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Animals In Print
The On-Line Newsletter

From 4 February 2003 Issue


Should We Go To The Zoo?

Dear Jill,

I have been a person who always enjoyed going to the zoo. I know Animals Rights people think zoos are bad. I see all the animals have food and shelter. They have no worries. What is so bad about that??


Dear Carol,

Zoos are animal prisons, where the inmates are serving life terms with no chance of parole.

Animals in zoos are confined to small, cramped areas far from their natural homes. They lack privacy, have too little mental stimulation and physical exercise and are lonely. The results of such confinement, boredom and loneliness is abnormal and self-destructive behavior, called zoochosis.

"A worldwide study of zoos conducted by the Born Free Foundation revealed that zoochosis is rampant in confined animals around the globe.(4) Another study found that elephants spend 22 percent of their time engaging in abnormal behaviors, such as repeated head bobbing or biting cage bars, and bears spend about 30 percent of their time pacing, a sign of distress.(5)

One sanctuary that is home to rescued zoo animals reports seeing frequent signs of zoochosis in animals brought to the sanctuary from zoos. Of chimpanzees, who bite their own limbs from captivity-induced stress, the manager says: "Their hands were unrecognizable from all the scar tissue."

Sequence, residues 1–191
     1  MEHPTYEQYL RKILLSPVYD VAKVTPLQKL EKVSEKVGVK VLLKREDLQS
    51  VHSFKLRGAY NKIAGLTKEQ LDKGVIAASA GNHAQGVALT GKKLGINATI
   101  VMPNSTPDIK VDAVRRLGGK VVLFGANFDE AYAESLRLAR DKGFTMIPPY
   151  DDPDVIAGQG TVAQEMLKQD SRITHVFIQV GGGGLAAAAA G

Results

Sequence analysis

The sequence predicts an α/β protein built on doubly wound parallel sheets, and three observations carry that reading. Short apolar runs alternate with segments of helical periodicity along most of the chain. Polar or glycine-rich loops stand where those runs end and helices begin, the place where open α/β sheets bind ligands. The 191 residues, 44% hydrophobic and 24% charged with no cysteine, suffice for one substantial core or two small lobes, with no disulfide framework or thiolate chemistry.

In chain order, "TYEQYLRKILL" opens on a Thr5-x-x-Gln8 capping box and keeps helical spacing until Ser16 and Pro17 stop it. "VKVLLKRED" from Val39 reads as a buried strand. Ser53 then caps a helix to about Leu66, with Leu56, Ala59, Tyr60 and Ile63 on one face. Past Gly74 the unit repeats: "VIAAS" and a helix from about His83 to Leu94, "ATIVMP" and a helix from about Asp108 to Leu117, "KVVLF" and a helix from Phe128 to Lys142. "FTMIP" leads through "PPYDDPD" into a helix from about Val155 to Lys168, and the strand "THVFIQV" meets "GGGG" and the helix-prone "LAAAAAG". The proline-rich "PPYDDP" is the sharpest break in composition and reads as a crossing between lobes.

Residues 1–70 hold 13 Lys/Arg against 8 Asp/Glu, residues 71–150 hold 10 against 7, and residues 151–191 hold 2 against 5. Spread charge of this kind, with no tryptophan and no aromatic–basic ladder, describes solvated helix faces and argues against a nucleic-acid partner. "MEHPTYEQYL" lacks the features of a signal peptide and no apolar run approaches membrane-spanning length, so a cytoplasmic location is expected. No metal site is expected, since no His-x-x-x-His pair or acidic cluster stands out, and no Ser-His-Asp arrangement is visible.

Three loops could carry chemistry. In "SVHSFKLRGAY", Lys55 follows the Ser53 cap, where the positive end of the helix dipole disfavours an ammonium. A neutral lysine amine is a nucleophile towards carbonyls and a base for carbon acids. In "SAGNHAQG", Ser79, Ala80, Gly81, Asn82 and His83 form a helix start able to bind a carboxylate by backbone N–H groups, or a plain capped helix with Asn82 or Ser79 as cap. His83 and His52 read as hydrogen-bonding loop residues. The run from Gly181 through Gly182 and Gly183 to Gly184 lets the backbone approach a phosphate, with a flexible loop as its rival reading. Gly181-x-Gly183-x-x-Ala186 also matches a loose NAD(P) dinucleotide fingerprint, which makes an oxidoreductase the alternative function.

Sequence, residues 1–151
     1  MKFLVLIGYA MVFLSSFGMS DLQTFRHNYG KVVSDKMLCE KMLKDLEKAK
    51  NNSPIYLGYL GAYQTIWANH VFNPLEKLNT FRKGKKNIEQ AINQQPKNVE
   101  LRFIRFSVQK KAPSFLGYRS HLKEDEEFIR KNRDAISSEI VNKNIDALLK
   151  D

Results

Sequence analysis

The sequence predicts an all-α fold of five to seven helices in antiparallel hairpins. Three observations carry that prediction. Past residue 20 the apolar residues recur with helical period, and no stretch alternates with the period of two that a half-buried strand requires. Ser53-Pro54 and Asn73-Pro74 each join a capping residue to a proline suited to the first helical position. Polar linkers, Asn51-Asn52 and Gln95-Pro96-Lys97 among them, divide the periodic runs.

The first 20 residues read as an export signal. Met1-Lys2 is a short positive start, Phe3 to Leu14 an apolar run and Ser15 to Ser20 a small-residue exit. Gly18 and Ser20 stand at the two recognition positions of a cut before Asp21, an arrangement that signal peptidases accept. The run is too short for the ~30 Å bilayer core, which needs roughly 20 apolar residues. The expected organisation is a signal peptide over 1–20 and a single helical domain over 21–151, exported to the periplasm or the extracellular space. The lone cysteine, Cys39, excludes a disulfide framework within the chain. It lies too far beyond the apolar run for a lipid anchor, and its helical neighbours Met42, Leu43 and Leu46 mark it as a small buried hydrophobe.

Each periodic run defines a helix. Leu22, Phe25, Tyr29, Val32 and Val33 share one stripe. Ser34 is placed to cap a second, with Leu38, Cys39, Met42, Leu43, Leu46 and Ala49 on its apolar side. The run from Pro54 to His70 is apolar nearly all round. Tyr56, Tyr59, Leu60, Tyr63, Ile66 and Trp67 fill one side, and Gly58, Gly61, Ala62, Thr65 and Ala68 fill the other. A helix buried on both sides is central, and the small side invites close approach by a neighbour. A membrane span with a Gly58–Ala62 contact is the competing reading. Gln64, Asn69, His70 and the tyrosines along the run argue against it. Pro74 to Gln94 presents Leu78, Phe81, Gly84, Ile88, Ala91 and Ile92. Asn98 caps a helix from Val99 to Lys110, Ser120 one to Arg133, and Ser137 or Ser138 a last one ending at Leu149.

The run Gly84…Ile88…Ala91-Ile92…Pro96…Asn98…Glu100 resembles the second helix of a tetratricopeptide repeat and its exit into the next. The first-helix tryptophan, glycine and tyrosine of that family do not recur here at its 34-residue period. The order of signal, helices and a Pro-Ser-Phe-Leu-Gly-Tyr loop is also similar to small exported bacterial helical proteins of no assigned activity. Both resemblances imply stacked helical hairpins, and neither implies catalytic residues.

More than half the world's zoos "are still in bad conditions" and treating chimpanzees poorly, according to renowned chimpanzee expert Jane Goodall.(6) "

PETA :: Media Center :: Factsheets  

The Humane Society of the United States "strongly believes that under most circumstances wild animals should be permitted to exist undisturbed in their natural environments."

Last Chance For Animals states "Animals in zoos are forced to live in artificial, stressful, and downright boring conditions. Removed from their natural habitats and social structures, they are confined to small, restrictive environments that deprive them of mental and physical stimulation. While zoos claim to provide conservation, education, and entertainment, their primary goal is to sustain public support in order to increase profits."  

Love and paw pats,
Jillouise Breslauer
Companion Animal Behavior Consultant
What Jill Knows, Copyright 2002
e-mail: [email protected]  

Return to Animals in Print 4 Feb 2003 Issue

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